It is only fitting that a female high school student from one of the most prestigious institutions in New York City is the first recipient of the Celia Stein Kiwanis Club of Riverdale scholarship in honor of the chapter’s first female Kiwanian.
Shiya Lin, a senior at the Bronx High School of Science, received the honor Friday during the Kiwanis Club’s gala celebrating its 70th anniversary at VIP Country Club in New Rochelle. Stein and her husband David were the co-founders of The Riverdale Press, which is now 73. David also founded the Riverdale Kiwanis club in 1953.
Prior to Friday’s gala, which also served as a fundraiser for the Kiwanis scholarship fund, the amount of the award going to Lin was $1,000, according to Riverdale Kiwanis president Nanda Chavez. There were three other scholarships awarded to Bronx Science students Friday in memory of the late Kiwanians Gerald Shaw, Richard Altman and Brian Hickey.
Lin served as president of the Key Club at Bronx Science and led numerous initiatives the past school year accounting for 22,000 in service hours for communities in Riverdale, other city boroughs, Yonkers and internationally.
“I am honored to be in your presence, Shiya after I read all about you have done with the Key Club at Bronx High School of Science,” said Richard Stein, former Press publisher, son of Celia Stein and scholarship presenter. “I will read the first paragraph of your bio here. It says you helped raise nearly $15,000 for various charities in a single year. For the first 46 years since the Bronx Science Key Club has been established, no president has ever achieved those results.”
Lin’s accomplishments as a Key Club member are vast. After serving as secretary in her junior year, she was elevated to president as a senior. Her most successful initiative was the Five Borough Amusement Park Fundraiser she held in collaboration with Stuyvesant, Brooklyn Tech, Bayside and Tottenville high schools.
She worked with treasurers of each Key Club from those high schools to ensure tickets for all 600 attendees were discounted and spent the day checking in people at the front gates of Coney Island.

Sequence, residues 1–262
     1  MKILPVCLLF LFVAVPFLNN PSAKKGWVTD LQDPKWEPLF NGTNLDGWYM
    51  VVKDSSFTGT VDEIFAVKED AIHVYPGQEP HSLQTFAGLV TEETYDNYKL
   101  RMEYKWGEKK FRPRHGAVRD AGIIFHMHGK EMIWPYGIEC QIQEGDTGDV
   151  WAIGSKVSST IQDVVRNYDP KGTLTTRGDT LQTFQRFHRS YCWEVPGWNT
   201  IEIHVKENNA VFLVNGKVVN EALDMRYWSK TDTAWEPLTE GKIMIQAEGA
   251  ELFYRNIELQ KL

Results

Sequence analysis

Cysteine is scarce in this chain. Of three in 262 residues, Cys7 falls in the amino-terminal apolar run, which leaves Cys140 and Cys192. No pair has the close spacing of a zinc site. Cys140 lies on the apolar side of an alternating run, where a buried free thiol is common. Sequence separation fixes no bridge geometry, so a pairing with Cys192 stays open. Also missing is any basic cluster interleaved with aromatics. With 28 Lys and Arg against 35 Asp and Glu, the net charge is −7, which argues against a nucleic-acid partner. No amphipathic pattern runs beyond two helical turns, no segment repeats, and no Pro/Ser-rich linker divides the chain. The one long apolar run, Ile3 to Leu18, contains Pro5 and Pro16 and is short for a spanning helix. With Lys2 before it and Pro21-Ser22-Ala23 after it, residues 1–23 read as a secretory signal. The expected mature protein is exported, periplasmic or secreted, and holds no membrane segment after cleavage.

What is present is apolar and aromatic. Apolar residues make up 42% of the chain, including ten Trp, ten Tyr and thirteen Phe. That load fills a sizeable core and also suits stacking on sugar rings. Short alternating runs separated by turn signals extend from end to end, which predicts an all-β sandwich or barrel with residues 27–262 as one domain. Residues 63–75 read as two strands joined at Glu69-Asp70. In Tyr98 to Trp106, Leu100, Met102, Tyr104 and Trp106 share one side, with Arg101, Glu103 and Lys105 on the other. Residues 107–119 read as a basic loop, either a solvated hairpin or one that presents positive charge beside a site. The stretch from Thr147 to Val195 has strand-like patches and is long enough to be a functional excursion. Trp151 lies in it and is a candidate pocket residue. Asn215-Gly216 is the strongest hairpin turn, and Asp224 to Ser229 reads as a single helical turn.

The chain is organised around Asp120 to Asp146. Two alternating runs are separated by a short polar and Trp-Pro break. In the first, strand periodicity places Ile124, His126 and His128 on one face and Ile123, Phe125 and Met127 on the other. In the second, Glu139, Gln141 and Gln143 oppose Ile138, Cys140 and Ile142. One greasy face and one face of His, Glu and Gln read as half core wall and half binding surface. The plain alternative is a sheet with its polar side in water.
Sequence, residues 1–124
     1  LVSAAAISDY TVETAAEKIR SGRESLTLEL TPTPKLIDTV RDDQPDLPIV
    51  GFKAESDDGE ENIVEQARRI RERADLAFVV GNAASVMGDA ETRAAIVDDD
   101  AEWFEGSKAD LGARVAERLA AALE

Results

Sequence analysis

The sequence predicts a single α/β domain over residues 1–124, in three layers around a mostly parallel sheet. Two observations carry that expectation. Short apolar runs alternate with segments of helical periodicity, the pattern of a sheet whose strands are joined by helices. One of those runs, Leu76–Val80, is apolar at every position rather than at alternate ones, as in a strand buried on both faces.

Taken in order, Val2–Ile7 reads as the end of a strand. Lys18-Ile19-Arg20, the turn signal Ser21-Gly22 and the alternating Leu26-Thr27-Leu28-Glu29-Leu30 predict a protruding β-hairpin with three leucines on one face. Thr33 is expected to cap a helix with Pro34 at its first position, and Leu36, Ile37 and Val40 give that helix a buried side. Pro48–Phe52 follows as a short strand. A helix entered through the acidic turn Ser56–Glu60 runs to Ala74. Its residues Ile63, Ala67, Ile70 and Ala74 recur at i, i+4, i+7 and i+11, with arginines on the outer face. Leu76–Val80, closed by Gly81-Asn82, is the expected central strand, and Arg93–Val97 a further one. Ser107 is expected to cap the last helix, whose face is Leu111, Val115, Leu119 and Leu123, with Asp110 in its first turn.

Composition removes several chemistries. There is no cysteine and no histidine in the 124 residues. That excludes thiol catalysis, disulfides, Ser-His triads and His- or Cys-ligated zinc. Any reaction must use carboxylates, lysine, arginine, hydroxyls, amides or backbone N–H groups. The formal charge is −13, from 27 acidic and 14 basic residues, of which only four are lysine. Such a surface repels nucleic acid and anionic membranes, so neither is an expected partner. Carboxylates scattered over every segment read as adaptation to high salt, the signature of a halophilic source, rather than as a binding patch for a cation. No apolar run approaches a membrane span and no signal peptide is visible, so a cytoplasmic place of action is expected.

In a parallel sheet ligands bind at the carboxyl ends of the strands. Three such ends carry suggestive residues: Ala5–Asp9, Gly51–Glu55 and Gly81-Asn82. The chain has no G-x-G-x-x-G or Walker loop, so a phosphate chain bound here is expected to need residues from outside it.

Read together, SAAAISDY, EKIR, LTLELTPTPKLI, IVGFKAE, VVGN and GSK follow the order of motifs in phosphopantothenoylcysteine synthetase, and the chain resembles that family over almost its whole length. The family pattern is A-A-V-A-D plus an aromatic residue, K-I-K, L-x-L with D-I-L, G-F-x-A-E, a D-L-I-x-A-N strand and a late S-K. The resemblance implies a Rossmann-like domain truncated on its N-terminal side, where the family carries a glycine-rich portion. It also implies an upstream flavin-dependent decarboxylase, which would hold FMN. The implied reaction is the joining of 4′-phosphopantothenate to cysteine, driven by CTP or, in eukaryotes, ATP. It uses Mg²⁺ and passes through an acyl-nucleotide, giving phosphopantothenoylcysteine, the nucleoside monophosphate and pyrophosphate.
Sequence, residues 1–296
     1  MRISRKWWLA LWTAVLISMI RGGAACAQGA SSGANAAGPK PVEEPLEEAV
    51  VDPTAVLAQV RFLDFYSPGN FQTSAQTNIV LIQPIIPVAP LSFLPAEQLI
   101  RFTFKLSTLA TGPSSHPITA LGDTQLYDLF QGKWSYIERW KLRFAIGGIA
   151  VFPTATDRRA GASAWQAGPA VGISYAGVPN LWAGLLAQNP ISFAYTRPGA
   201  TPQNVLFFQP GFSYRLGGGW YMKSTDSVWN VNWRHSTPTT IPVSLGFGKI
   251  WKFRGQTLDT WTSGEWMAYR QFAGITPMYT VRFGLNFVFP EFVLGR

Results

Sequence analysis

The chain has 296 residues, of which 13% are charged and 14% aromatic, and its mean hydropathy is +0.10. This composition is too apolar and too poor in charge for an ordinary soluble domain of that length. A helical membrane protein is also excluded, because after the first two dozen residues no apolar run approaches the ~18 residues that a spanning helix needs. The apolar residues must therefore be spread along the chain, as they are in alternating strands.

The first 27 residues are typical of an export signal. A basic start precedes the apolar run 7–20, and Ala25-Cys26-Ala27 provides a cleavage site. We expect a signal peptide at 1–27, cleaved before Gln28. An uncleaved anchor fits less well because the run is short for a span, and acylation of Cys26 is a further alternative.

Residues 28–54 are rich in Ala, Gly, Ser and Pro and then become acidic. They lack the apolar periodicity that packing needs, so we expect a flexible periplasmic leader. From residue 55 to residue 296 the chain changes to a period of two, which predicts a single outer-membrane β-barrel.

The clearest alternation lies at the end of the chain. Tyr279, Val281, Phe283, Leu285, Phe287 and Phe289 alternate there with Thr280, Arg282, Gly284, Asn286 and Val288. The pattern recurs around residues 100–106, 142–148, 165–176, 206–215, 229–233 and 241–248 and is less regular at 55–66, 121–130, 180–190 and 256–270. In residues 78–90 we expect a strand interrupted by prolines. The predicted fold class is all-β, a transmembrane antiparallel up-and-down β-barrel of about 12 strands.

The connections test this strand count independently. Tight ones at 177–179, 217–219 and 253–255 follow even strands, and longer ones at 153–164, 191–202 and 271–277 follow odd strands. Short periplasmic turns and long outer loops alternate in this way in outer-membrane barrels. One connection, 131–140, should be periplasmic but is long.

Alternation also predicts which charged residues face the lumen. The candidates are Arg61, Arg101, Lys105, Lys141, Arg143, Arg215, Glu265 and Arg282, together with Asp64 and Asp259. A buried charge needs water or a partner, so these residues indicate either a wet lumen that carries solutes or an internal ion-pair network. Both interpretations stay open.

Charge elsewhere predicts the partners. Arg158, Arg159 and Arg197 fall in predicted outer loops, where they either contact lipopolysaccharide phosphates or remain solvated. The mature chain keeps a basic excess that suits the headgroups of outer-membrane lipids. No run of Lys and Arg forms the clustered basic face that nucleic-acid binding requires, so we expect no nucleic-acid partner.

As for the scholarship, Lin thinks it’s “cool” to be the first recipient.
“I did see an article in the New York Times about Celia Stein,” Lin said. “She seems like a very dedicated person. I am honored to be able to live up to her name. To be the first person to receive the scholarship is really cool.”
Lin lives in East Harlem with her grandparents, but her parents live on Long Island. That’s one of the reasons she chose to go Stony Brook this fall.
She plans to go pre-med and become a pediatric neurosurgeon. Her favorite class is AP biology.
“Since first grade, I have wanted to be a pediatrician,” she said. “But more recently, I want to be a pediatric neurosurgeon. That might change.”
She considers Timothy Huth, the advisor for the school’s No. 1 nationally ranked debate team, to be her mentor. Even though she doesn’t consider herself a good debater, she is impressed by what the freshman global history teacher has taught her about life.
Before awarding the scholarship to Lin, who will be attending SUNY Stony Brook University in the fall studying pre-med, Stein gave a synopsis of his mother’s community work.
“A little about Celia Stein, who has not been with us for 20 years,” her son said during the scholarship ceremony. “I doubt many of you have had the opportunity to meet her. She and my dad founded The Riverdale Press, a newspaper that knitted the entire community together.”
He added that women were not admitted to the Kiwanis at the time of the founding of the Riverdale chapter. “Of course, that chafed at my mom all those years, until 1987 when she was invited to become the very first woman Kiwanian,” Stein said.
He described how he heard a lot about what the Kiwanis did for others and for their own.
“Cele Stein was certainly a part of that,” he said. “I think it would be especially pleasing to her to have a scholarship in her name because she had an education in Riverdale.” She also crusaded for the Riverdale/Kingsbridge Academy, which was named after her husband.
“I think Key Club has taught me so much about being a leader,” Lin said. “I am proud of what we have done with the Key Club. Everyone sitting at this (Key Club) table, they are like my children. Key Club has taught me a lot about the person I want to be in the future.”